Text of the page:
Tiered storage is the assignment of different categories of data to different types of storage media in order to reduce total storage cost. Categories may be based on levels of protection needed, performance requirements, frequency of use, and other considerations. Since assigning data to particular media may be an ongoing and complex activity, some vendors provide software for automatically managing the process based on a company-defined policy.
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As an example of tiered storage, tier 1 data (such as mission-critical, recently accessed, or top secret files) might be stored on expensive and high-quality media such as double-parity RAIDs (redundant arrays of independent disks). Tier 2 data (such as financial, seldom-used, or classified files) might be stored on less expensive media in conventional storage area networks (SANs). As the tier number increased, cheaper media could be used. Thus, tier 3 in a 3-tier system might contain event-driven, rarely used, or unclassified files on recordable compact discs (CD-Rs) or tapes.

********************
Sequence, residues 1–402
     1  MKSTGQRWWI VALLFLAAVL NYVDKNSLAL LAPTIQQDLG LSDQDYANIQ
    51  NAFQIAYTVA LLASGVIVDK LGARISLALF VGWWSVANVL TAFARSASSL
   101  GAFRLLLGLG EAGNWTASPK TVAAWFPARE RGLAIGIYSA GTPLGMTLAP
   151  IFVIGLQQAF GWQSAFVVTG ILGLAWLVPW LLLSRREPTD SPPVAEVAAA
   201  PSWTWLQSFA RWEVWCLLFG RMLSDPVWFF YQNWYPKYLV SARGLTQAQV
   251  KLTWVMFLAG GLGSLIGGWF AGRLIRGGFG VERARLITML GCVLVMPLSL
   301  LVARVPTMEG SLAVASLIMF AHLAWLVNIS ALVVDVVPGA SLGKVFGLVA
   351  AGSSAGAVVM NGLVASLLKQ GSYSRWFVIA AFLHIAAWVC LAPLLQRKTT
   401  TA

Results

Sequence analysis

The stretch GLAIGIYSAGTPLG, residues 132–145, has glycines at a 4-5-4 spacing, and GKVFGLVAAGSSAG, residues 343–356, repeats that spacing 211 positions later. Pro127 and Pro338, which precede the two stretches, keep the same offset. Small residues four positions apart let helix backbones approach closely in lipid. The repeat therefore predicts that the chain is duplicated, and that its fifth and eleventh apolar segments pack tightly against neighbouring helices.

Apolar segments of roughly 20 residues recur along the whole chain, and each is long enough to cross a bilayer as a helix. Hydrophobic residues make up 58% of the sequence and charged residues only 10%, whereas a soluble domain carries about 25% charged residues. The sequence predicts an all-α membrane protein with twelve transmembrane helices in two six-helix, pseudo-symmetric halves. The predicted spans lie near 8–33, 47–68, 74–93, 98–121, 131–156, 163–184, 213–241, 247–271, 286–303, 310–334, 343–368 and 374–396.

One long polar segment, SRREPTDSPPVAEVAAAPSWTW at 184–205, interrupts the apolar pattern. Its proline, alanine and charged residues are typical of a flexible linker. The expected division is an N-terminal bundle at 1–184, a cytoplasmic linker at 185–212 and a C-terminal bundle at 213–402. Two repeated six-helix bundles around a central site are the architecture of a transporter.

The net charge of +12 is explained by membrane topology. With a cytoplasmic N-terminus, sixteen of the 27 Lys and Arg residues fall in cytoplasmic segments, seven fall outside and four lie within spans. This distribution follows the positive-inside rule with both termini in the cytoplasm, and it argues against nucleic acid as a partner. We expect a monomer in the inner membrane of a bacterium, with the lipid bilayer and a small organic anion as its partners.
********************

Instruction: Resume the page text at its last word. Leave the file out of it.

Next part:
Read about the Fujitsu Eternus DX8900 S3, which supports automated storage tiering through the Eternus SF software.